HomeCampaign IssuesArticlesMeetingsMembershipEmail
Oor Jim Confronts Petitions Committee

Further to our article EDUCATE THEM TOGETHER, Primary School teacher Mr. Jim Nixon submitted two petitions to the Scottish Parliaments Public Petitions Committee on Tuesday 26th September 2000.

(a) A call for the Scottish Parliament to create a system of multi-denominational schools which takes into account the concerns of the parents and churches about religious and moral education of our young people, which can at the same time be socially inclusive.

(b) To consider the ending of religious discrimination in the employment of teachers. Mr Nixon's verbal submission is printed in full below:


Equal opportunities and social inclusion have been the bye words of the Scottish Parliament since its foundation. Members of the Parliament have gone out of their way, often against media led public opinion, to stress that the New Scotland must be free from discrimination and the genuine equal opportunities should exist for everyone in our society.

Yet the Scottish Parliament is responsible for the continuation of
institutionalised religious discrimination against a majority of Scotland's teachers because of its failure to amend the Education (Scotland) Act, 1980.

This act gives denominational bodies the right to issue Certificates of Approval based solely on adherence to a particular religious denomination, certificates which are a prerequisite for employment by public bodies, namely local authorities.

My current employer, the Glasgow City Council, claims to be an Equal Opportunity Employer and states that all applicants for teaching posts will receive equal treatment irrespective of race, colour, disability, age, sex or religion. Yet in a recent internal newsletter dated 22/8/00 of the 20 posts advertised only 12 were available for teachers not possessing the Certificate of Approval whilst colleagues with a Certificate could apply for all 20. Equal Opportunity clearly does not exist in this situation.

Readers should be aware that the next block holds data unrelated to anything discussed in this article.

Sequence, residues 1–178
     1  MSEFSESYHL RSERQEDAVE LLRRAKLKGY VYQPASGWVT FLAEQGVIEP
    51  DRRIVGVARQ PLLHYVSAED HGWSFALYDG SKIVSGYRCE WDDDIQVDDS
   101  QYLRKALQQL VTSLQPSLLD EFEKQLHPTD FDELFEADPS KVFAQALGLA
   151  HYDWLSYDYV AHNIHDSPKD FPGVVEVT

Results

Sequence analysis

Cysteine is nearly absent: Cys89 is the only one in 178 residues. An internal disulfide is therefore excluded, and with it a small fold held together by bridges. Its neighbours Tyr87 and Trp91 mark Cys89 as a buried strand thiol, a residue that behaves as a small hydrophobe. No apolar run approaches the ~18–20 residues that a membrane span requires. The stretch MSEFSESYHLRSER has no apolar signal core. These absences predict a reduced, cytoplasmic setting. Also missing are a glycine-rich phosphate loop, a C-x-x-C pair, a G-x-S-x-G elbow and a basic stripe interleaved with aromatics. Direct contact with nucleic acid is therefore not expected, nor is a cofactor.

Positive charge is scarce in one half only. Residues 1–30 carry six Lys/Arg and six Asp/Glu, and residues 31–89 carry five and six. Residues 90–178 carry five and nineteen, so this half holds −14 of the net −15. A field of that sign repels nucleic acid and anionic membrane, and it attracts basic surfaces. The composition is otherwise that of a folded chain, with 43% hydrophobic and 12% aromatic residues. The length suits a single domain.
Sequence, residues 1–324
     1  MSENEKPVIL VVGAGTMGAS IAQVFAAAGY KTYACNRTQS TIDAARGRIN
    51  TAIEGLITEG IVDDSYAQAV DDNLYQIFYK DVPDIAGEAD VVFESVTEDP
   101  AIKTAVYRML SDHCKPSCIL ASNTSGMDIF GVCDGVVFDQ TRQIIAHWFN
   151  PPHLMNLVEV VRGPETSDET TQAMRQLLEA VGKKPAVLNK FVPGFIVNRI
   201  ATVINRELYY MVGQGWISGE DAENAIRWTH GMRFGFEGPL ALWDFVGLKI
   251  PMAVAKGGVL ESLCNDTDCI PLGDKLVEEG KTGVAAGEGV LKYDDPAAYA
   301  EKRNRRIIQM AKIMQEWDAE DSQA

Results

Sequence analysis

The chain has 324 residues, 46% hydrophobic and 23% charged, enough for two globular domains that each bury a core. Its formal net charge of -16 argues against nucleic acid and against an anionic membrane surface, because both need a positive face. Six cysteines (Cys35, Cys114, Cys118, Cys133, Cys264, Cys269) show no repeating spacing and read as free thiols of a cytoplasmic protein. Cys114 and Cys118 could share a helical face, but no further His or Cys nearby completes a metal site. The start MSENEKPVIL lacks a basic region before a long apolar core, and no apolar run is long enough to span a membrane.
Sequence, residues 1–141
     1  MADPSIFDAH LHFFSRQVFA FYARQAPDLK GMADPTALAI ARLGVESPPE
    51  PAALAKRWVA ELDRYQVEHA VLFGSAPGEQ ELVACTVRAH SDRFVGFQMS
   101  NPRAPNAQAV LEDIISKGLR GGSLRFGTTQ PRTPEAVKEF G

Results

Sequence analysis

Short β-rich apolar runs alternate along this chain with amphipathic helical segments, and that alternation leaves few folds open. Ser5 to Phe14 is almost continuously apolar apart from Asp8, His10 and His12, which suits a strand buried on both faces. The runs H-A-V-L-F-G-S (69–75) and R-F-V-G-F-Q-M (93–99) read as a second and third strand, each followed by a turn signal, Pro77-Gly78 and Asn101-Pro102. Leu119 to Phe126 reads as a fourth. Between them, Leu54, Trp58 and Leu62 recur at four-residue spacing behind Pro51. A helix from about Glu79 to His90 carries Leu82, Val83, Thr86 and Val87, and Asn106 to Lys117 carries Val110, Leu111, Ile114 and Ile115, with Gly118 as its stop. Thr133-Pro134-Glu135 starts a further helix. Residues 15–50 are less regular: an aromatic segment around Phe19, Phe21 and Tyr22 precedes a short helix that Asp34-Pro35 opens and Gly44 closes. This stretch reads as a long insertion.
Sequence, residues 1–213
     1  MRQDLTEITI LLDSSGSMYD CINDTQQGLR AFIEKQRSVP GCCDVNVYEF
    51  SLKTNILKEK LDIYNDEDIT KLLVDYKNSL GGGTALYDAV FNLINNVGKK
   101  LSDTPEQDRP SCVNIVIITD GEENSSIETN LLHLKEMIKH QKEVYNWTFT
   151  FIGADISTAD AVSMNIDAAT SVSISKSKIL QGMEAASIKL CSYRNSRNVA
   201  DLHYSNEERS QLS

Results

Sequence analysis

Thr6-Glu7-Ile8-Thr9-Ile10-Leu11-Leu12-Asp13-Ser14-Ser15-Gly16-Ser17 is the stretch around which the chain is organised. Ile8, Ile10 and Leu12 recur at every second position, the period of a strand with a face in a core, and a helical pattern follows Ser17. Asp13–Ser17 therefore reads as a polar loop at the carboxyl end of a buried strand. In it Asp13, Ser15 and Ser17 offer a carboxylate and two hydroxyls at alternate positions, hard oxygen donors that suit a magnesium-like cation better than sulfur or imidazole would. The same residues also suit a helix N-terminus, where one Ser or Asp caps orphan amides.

It is in pursuit of this fundamental basis right that I invite you, the Scottish Parliament's Public Petitions Committee, to consider my petition on the ending of religious discrimination in the employment of teachers.

As you can see from my submission, I have been a primary school teacher for almost 30 years and throughout that time I have made several attempts to have this matter considered by the responsible authorities. On each of these occasions, the official response has been that in the absence of any legislation relating to religious discrimination, the Education (Scotland) Act 1918 and all subsequent Education Acts legitimise the practice. I believe that by incorporating the European Convention on Human Rights into Scots Law from 2nd October 2000, there will be legislation in place that prohibits religious discrimination.

This being the case I call upon the Scottish Parliament to amend Section 21 of the Education (Scotland) Act 1980 and establish genuine equal opportunity for all of Scotland's primary school teachers.

The Education (Scotland) Act 1918 also appears to give all denominational groups and faiths the right to establish separate school systems and in due course to have these maintained by the local authorities.

Unless amended the Educational Act would give each of these groups equal rights to discriminate in the employment of teachers.

Such a fragmentation would be undesirable and in the interest of the genuine equality and social inclusion policies put forward by The Scottish Parliament, I call upon you to merge the existing school systems in such
a way as to maintain the strengths of each whilst overcoming the anxieties of those who might see this as an attack on their existing rights. Mo Mowlam has recently stated that it was with regret that she did not do more on integrated schooling.

It took the Scottish Parliament over a year to decide that they were unwilling to take any action preferring to maintain institutional religious discrimination rather than tackling this blight on Scottish society.

They passed the matter over to the European Parliamentís Petitions Committee that also rejected the argument put forward.

It would appear that those who currently hold power sanction religious discrimination by local authorities in the employment of staff.

The Scottish Unionist Party strongly reject this position believing in genuine equal opportunity and will be campaigning on this platform in the forthcoming elections.


Moves to open joint campuses are not the answer to this question. Teachers should be judged on their professionalism and not on their religious beliefs if equal opportunities are to mean anything.